Wipeout (1989)

(ended 1989)


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Wipeout (1989)

Show Summary

Produced at Paramount Studios, Wipeout combined elements from several game shows and merged them into one new program for syndication. The host was Peter Tomarken, who had hosted Press Your Luck for CBS and had recently been part of ABC's failed Bargain Hunters. Wipeout was divided into three sections. The first round pitted three contestants, who were given a question and a computerized board with sixteen possible answers. Eleven answers were correct; the five others were "Wipeouts." Each contestant had to select an answer for an increasing dollar amount. If a correct answer was revealed, he or she had the option of playing on for another answer or passing to the next contestant. Any "Wipeouts" chosen would end his or her turn. Embedded behind one of the correct answers was a "Hot Spot" bonus prize (it would go behind another correct answer should the contestant who gained the prize later wiped out). Values for correct responses started at $25 and increased by $25 for each subsequent correct answer. The first round continued until all the correct or incorrect answers were revealed. Only the two contestants who racked up the highest dollar amounts went on to the second round. (The monies they racked were not harmed again.) In the event of a tie for second place, the two contestants were given a new question and twelve answers; only eight were correct. The two would "seesaw" back and forth until one of them wiped out (an element the second version of Tic Tac Dough had used successfully for years). The eight-of-twelve answers format became a staple of the next phase of Wipeout. Both the surviving contestants tried to outbid the other in how many of the eight correct answers they could name for the next question (another Tic Tac Dough element). The winner of the bidding then had to give the prescribed number of correct answers. If he or she missed, the other contestant could steal the round by giving one correct answer. (If the challenger selected a Wipeout, though, play went back to the original contestant, who had to finish giving the alloted number of correct answers.) The winner of two of these rounds won the game and stuck around for the fast-paced bonus game. In the bonus game, the champion contestant was given another computerized board and twelve answers: six right, six wrong. The contestant, wearing running shoes (an element employed after about twelve of the show's 26 weeks) ran to the board to click the rims of six screens, then ran to hit a plunger. If less than six of the chosen answers were correct, he or she had to run back, turn off one answer, and then click another. A new car awaited the contestant who could get all six correct answers to the bonus question in 60 seconds or less. Originally, each winning contestant was given one shot at the car. Somewhere about midway through the series, Wipeout champions were invited to play again and not retired until he/she won the car or was eliminated in earlier rounds.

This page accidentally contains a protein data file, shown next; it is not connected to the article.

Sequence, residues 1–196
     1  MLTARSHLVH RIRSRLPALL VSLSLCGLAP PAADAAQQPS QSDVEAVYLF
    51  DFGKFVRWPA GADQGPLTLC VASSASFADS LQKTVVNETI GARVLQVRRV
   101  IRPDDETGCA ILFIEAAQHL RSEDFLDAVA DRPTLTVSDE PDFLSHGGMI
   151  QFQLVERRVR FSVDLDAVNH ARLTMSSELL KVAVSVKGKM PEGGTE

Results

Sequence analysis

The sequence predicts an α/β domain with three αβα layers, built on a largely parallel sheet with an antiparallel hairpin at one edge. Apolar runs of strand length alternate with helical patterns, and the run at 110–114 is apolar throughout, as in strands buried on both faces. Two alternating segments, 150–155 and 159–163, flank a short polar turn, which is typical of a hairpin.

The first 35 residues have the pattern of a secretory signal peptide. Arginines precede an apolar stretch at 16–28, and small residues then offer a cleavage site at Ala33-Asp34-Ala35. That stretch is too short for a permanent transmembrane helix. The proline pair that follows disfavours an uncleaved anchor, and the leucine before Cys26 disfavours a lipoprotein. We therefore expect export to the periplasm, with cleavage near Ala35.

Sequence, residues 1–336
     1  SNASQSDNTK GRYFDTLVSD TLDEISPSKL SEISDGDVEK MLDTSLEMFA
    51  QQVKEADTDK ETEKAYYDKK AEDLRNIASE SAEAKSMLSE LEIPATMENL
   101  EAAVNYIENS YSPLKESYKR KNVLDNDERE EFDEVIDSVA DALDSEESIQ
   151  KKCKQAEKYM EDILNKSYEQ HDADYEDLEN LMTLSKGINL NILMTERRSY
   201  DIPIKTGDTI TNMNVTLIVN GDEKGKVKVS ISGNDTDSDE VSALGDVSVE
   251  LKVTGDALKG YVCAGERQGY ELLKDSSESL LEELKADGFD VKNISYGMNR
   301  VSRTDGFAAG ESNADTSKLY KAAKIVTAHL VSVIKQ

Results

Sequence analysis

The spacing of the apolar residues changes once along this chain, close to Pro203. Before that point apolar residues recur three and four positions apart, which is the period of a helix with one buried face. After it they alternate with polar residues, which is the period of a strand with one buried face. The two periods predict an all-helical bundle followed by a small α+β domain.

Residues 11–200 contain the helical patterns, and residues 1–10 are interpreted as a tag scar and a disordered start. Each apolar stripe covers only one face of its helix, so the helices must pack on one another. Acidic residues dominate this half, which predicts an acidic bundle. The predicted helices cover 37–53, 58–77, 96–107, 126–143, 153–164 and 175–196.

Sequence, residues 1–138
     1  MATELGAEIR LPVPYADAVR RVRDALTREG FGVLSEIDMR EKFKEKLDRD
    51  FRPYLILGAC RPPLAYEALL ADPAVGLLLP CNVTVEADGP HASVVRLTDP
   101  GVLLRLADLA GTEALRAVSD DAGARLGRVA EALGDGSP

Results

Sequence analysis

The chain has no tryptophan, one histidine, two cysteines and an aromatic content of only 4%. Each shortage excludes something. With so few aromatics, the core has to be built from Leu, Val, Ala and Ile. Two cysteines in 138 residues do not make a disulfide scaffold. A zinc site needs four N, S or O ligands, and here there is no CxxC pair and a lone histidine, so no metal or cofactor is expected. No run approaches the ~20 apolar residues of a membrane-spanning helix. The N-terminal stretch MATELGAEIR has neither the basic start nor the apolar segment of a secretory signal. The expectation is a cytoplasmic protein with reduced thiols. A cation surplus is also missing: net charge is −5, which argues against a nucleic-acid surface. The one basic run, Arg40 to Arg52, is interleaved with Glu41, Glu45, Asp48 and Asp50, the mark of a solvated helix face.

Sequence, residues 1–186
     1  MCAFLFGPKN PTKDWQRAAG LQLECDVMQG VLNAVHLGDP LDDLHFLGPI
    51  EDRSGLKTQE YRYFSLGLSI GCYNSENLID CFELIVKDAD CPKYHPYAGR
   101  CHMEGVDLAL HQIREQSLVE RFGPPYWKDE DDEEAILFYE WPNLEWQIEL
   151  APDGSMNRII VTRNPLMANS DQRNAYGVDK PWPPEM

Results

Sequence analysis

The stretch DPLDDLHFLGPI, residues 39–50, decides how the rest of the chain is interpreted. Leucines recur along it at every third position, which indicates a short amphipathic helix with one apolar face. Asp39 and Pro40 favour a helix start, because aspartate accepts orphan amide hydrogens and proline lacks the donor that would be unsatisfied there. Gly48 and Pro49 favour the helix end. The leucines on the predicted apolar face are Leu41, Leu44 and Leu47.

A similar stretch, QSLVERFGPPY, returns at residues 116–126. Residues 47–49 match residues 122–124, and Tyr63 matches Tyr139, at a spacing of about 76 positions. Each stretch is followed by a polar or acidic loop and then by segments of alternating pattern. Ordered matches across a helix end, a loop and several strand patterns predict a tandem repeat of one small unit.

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Game Show